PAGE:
‘Coppice Oratory’ By Tchonova + La Roi
Plan your journey
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How to get there
- Section: 10 – Wye to Chilham
- Nearest postcode: Mountain St (nearest sculpture) CT4 8DG or Taylors Hill, Chilham Village CT4 8BZ
- What 3 words: grades.heats.masks
- Where to start? Mountain St Car Park, Chilham, Chilham Village, Chilham Station or Wye
- What to expect: Forests, historic towns and pretty hamlets.
Full Route: This sculpture is on section 10 of the North Downs Way from Wye to Chilham, 7.2 miles (11.6km) for more details, visit the North Downs Way website.
In a hurry?
It’s just 2.1 miles from Chilham Station or park at Mountain Street Car Park and walk the mile to the sculpture following the North Downs Way through King’s Wood.
Take your time…
On this stage of the North Downs Way you’ll witness the first sighting of Canterbury Cathedral a welcome sight for all walkers.
If you visit in spring, you’ll see the stunning displays of bluebells. The woodland glows vibrant orange, bronze and yellow as the beech tree leaves change colour in autumn.
Make a day of it
- Eat & drink: The Church Mouse Tea Rooms for delicious homemade scones and cakes, The White Horse traditional pub, The Woolpack country inn and Badgers Hill Farm & Cidery, which are all conveniently located in Chilham.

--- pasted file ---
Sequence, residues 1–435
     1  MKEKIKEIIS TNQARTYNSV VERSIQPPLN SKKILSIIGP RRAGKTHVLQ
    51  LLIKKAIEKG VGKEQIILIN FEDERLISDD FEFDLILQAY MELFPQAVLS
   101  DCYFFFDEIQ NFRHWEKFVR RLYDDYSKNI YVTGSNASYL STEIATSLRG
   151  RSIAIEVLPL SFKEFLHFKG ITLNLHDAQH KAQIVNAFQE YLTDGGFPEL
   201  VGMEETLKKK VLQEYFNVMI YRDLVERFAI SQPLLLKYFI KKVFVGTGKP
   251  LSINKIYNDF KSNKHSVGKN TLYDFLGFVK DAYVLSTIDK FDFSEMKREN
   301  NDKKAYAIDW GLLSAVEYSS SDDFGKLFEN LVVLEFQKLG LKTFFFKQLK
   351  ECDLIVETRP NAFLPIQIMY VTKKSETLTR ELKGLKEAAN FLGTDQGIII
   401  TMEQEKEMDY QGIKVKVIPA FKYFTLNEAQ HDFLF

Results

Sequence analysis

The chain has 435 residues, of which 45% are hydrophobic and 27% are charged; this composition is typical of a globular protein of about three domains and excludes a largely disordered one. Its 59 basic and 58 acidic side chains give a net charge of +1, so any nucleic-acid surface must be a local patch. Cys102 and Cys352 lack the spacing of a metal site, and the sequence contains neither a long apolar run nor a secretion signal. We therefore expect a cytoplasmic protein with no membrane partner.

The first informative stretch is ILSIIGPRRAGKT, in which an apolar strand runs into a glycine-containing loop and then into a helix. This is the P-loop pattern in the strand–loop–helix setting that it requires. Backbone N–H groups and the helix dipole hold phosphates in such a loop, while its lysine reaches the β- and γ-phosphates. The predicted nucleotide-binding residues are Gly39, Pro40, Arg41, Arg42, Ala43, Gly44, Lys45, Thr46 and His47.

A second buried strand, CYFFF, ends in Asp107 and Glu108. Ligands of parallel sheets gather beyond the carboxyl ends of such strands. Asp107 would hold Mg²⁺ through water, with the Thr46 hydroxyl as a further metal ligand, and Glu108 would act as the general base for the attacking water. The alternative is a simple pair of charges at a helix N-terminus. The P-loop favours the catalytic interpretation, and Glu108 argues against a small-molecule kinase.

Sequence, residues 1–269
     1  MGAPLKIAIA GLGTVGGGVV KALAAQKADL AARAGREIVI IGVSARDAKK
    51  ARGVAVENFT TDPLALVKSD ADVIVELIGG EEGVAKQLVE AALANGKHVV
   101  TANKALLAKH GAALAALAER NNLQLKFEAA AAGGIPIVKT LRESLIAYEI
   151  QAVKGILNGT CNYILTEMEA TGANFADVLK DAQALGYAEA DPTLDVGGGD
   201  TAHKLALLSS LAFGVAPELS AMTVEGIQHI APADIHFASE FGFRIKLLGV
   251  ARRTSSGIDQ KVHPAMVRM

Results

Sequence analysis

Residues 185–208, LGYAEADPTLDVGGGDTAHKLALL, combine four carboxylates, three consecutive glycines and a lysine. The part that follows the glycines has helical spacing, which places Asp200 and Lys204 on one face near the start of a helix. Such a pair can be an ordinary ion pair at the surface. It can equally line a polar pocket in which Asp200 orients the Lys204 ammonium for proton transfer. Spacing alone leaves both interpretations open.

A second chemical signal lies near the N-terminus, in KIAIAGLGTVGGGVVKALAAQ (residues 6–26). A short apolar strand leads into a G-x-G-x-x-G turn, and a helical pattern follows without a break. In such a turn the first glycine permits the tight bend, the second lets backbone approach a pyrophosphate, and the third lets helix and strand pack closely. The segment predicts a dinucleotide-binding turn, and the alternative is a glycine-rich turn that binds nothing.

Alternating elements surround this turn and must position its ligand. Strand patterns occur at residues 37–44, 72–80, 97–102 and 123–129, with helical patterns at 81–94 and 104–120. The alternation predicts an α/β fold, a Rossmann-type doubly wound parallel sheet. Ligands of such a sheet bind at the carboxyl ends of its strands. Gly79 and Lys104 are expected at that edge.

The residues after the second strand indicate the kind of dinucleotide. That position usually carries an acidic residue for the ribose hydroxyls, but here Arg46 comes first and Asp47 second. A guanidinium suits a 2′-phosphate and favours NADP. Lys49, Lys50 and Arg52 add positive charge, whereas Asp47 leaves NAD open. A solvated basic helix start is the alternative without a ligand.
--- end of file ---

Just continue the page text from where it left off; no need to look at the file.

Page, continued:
- Explore: Godmersham village and park, visited by Jane Austen, Eastwell Lake and the quaint village of Chilham.
- Travelling with Mini-Explorers? Go Wildlife Spotting – seek out the forest’s large free-roaming fallow deer.
The story behind the sculpture
This four-metre-high wooden sculpture is a key lookout point on the North Downs Way, a space for reflection for modern-day pilgrims travelling along the route through King’s Wood, near Canterbury and Ashford. Positioned in the 1,450-acre King’s Wood above Godmersham at the point where Canterbury Cathedral becomes visible to walkers.
The sculpture made from coppiced chestnut directly from the forest woodland faces towards the famous World Heritage Site and the first Cathedral in the UK, both just seven miles away in the distance. The intimate and accessible oratory is an inclusive space open to everyone and offers a place for reflection and rest along the trail.
About the artists
Matthijs la Roi and Simone Tchonova are the eponymous architects of Tchonova + la Roi, a London-based architecture practice.
Their collaborative design process focuses on responding to distinct site-specific elements from the historical, political, cultural, social and natural surroundings. This applies both to the conceptualisation and materialisation of their work. The practice is highly interested in raw materials and the physical process of constructing.